Zoning and Regulations. Federal, state, and local regulations of all types disproportionately hurt low-income communities. Regulations are costly to businesses and individuals; they lower real incomes, reduce entrepreneurship, exacerbate income inequality, and increase the price of consumer goods. Requirements for unionized labor, minimum wages, occupational licensing, and zoning restrictions are just a few examples. There is a strong measurable relationship between increases in regulatory restrictions and increased poverty. Regulatory costs are regressive, harming lower-income Americans the most, by forcing businesses that cannot compete to prematurely automate operations or become more selective in hiring.
Unreasonable state and local zoning regulations can increase housing costs by limiting the supply of new housing and attempting to meet aesthetic and environmental goals. Increased housing costs fall disproportionately on low-income residents who are more easily priced out of the market and may not value the aesthetic goals of zoning laws developed for wealthy homeowners, such as parking requirements, restrictions on multifamily homes, and other restrictions on low-income housing options.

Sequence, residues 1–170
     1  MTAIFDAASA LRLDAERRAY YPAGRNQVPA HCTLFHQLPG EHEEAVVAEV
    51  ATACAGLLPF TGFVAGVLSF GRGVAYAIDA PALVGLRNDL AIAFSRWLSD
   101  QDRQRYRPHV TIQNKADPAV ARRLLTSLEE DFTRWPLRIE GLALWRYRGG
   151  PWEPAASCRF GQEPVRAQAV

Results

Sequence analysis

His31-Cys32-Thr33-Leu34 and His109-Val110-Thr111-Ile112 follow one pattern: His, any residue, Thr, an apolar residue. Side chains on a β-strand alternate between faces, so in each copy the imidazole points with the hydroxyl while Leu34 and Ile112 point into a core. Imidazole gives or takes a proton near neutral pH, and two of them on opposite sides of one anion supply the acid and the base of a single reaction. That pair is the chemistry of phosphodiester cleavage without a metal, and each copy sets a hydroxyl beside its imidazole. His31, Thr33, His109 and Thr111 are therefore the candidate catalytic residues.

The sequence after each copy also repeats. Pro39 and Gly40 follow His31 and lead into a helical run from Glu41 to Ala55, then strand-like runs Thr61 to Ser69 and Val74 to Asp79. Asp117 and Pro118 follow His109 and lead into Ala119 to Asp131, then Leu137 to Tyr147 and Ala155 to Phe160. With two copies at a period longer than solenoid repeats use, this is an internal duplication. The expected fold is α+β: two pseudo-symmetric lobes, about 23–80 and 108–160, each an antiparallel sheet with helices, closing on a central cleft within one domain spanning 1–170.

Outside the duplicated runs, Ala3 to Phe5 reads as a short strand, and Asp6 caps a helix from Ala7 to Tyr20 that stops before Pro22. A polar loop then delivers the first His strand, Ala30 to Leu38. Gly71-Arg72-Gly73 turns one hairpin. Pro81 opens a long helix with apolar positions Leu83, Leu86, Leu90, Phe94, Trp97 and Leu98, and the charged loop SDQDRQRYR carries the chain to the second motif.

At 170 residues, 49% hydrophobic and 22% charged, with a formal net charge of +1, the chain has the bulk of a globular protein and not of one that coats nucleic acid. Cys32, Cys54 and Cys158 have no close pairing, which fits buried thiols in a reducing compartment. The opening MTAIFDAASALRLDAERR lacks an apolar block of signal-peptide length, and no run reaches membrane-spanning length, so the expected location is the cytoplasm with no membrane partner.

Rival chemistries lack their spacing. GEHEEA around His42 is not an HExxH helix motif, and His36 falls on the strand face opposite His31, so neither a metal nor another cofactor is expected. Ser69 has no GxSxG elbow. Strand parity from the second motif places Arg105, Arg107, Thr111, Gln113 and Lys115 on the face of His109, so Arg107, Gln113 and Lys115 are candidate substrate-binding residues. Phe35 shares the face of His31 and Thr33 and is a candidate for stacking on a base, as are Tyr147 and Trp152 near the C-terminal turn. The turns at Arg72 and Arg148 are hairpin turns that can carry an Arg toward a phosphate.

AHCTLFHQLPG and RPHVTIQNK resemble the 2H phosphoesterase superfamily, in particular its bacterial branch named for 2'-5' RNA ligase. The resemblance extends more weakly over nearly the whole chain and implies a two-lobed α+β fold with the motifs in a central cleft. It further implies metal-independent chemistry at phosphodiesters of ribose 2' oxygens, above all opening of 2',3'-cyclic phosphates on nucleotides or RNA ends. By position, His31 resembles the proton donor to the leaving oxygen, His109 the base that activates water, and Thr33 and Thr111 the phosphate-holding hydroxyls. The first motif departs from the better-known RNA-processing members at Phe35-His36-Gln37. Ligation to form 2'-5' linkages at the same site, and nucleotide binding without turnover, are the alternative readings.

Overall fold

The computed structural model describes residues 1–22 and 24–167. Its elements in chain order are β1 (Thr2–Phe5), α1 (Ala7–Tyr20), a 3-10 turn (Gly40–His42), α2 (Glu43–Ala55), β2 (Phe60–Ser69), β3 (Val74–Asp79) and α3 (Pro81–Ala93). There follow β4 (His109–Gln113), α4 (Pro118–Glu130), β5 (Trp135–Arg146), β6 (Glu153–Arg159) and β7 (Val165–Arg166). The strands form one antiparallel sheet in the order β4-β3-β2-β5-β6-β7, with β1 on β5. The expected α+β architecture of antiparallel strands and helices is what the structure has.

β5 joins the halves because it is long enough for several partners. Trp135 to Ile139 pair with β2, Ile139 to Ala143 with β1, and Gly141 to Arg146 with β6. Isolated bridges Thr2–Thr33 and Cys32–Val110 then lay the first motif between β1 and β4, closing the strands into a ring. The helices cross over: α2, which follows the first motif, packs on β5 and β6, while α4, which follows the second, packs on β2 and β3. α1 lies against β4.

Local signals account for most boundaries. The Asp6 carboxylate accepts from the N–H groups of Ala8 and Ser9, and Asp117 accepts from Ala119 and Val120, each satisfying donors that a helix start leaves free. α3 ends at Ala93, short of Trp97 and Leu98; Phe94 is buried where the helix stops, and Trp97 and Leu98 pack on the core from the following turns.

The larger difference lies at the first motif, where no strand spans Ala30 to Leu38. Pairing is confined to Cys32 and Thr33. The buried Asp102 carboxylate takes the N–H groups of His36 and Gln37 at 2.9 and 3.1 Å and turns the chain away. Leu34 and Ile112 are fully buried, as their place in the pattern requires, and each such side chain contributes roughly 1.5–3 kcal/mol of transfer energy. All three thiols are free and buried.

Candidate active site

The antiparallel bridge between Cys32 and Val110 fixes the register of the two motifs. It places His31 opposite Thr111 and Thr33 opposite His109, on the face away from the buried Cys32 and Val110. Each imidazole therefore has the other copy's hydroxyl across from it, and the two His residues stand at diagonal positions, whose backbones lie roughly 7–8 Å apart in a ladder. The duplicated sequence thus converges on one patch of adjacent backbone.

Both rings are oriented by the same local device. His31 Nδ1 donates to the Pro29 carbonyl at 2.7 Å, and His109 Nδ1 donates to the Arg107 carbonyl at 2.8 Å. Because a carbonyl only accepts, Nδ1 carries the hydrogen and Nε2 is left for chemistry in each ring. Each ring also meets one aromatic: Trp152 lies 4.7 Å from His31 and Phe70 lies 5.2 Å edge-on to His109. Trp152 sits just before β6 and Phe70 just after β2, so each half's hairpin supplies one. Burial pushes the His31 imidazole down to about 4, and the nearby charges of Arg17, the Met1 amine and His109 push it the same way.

The unintended consequences of high regulatory burdens are often hard to see as they fall on those least equipped to navigate the bureaucracy. Worker and housing freedom through reduced and streamlined labor, zoning, and business restrictions could go a long way toward fighting poverty and expanding opportunity by allowing families access to affordable market-driven housing and jobs at more dynamic and varied businesses.
Equally Applied Pro-Growth Reforms